Grievance Debate: THE LUTHER QUINCENTENARY


Mr GARDNER (Morialta) (15:19): Five hundred years ago this very day, Martin Luther, a former Augustinian monk, ordained Catholic priest and doctor of theology at the University of Wittenberg, wrote a scholarly presentation to his bishop, protesting the church's practice of selling indulgences: taking coin and in return granting absolution from sins.

One account suggests that he did so by nailing his essay, now known as the 95 theses, to the Wittenberg Castle Church door. Whether or not that story is true or apocryphal, I would prefer to believe that is how it happened. I can tell you now, having been to Wittenberg to look at the church door, that it would be hard to do again: the door has now been replaced with vast bronze gates inscribed with the 95 theses for all to read for evermore.

In doing so, Luther set off a chain of events that led directly to the Reformation, a tide of upheaval across Europe and the world, wherever the Christian message had been spread. The evangelical church founded by Luther – he would have been appalled at the idea of a church being named after him – spread its teachings according to his catechisms. Other Protestant movements spread, and in time the Catholic Church too changed its practices and adapted. Luther was in correspondence with them all, sharing theological arguments and influencing most of the political and religious thinkers of his time in one way or another.

Luther was an extraordinary figure, a complex man whose willingness to challenge institutions and authorities, if they were concealing the truth, emboldened many others to follow their principles, even if it came at a great cost. It is no coincidence, of course, that Martin Luther King Jr shared the same name and embodied that integrity, which was instilled in him from birth.

Luther's translation of the Bible into German was transformational: the conduct of services in the languages of the congregation rather than in Latin ensured that the word of God could be accessible to all. Most importantly, Luther called the church back to its basic task: to help humans receive forgiveness from sin as God's free gift rather than as a commodity that could be bought or sold.

He had a good deal to say about politics, members might be interested to know.  His theology of the two kingdoms argued firmly for the separation of church and state, as Christ instructed us to render unto Caesar the things that are Caesar's and unto God those that are God's. Many of the freedoms we enjoy today come as a result of the Reformation.

Luther teaches that the task of government is to ensure the common good: not to impose Christian belief or morality but to legislate what is just. In turn, he argued, the government must not overstep its domain to impose transient ideology on the church or the private lives of its citizens. Limited government, constitutional government, government under the law – he would have been no fan of the nanny state.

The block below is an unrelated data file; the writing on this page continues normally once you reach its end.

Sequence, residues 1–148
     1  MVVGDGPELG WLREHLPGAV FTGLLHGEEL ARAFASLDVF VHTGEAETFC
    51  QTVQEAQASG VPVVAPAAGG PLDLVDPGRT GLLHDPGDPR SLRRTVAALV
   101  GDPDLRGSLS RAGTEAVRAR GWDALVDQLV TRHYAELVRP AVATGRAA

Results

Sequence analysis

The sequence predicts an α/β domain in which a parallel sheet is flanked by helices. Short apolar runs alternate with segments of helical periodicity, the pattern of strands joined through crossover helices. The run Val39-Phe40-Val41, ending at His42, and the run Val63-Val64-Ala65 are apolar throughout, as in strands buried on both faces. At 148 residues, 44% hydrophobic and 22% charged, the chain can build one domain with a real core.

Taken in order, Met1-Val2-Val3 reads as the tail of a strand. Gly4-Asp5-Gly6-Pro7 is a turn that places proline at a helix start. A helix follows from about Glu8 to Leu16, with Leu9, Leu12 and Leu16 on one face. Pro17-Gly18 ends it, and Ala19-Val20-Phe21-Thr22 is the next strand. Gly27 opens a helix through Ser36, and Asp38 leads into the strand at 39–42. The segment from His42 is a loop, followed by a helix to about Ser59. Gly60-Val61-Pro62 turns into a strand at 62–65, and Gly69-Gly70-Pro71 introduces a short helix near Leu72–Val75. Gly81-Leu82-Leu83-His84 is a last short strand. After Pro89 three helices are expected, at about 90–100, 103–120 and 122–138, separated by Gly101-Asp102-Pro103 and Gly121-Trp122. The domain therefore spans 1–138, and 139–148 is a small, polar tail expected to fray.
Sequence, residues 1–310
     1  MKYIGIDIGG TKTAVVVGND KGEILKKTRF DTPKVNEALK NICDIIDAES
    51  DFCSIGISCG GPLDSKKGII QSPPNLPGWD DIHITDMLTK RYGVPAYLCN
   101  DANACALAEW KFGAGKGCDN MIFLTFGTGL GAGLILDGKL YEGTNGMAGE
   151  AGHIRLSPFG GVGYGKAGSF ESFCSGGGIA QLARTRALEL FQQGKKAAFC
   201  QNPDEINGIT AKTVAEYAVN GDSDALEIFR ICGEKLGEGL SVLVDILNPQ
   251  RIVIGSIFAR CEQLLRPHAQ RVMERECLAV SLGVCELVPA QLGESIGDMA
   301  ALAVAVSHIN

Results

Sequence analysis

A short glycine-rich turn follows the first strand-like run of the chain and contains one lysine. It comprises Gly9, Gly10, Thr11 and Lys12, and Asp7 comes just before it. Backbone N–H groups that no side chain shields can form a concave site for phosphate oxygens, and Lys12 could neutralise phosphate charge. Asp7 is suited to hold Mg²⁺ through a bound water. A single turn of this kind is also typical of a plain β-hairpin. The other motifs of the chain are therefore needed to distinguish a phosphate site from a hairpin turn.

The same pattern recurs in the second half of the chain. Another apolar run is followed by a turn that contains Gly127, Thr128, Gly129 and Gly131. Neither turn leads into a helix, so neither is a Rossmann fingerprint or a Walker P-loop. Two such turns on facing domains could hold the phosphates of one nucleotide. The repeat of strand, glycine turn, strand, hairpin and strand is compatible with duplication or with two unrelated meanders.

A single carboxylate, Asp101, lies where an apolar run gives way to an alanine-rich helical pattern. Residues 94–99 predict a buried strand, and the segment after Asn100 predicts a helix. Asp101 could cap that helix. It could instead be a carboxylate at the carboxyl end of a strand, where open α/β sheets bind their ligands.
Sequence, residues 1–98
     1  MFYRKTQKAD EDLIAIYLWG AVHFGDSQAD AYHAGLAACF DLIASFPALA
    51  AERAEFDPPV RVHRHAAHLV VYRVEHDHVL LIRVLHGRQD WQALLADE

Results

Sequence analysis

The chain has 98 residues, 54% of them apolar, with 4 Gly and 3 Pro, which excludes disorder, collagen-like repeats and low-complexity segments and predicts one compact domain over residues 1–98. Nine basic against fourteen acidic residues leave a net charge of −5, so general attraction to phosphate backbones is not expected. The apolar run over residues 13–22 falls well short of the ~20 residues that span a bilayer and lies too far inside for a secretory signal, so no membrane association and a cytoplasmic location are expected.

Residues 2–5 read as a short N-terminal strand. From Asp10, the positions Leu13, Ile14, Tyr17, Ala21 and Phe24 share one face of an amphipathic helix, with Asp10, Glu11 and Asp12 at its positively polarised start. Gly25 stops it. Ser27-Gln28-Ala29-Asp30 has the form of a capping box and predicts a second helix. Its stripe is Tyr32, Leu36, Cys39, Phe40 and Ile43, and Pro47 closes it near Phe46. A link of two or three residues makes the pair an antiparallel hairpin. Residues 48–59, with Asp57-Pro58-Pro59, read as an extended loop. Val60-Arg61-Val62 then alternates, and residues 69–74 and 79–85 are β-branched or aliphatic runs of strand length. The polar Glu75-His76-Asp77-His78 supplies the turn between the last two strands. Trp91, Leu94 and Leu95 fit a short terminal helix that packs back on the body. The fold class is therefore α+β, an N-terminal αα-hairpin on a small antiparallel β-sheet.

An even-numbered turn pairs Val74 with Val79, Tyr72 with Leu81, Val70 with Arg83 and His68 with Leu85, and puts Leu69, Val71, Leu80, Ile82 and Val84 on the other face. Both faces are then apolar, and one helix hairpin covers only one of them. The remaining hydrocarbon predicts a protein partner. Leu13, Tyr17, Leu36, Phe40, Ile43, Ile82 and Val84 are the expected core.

If anyone wants to challenge my theology, that last paragraph I got from a tremendous fellow, Dr John Kleinig, formerly of the Lutheran seminary, to whom I spoke about this this morning. The task of government is to maintain good order and justice for its citizens. The task of the church is to provide forgiveness of sins.

I turn to the Lutheran influence in South Australia, which is tremendously important. It started in Prussia in the early decades of the 19th century. Kaiser Friederich Wilhelm III was attempting to impose the reformed union church, of which he was also the bishop, upon the whole population. Lutherans whose families had practised their faith for centuries were persecuted. By the 1830s Lutheran churches were outlawed, Lutherans were gaoled for maintaining their theological understandings and pastors had to conduct their ministry in secret. Many looked to leave and find new homes.

With financial help from George Fife Angus, in 1838 Pastor A.L.C. Kavel, followed two years later by Pastor G.D. Fritzsche, brought their congregations to South Australia. At great personal cost and with great suffering and hardship – many died en route – these communities formed an integral part of our young state and have contributed to it ever since in increasing ways.

The fact that this state gave them the freedom to flourish is a credit to our history and testament to why they have been able to give so much in return to our state. I note Pastor Fritzsche's role in particular in the establishment of the town of Lobethal, in my electorate, in May 1842, 175 years ago, as opposed to the butcher, Fritz, of that town, who has given us our name for processed meat.

Subsequent waves of migration in the years since have brought many more Lutherans, and their mission has seen many people from different backgrounds, including myself, find their faith strengthened through the Lutheran Church. Those early settlers who gave up so much would have been very pleased to see the Lutheran congregations of the Adelaide Hills – Birdwood, Lobethal, Spring Head, Woodside, Springton and Eden Valley – join together with many other local Christians to share in worship on Sunday 22 October at Lobethal.

It was a special day, and I was pleased to be joined by the member for Kavel, and Dan Cregan, the Liberal candidate for Kavel, in the celebrations.

The church was overflowing. Many people came in period costume, and Tom Playford, son of the former premier, was outstanding as a town crier. Many came dressed as Luther or Melanchthon. The pastor, David Kuss, and the other pastors led a wonderful service and on this special anniversary I thank them for their spiritual leadership in our community, particularly on this occasion.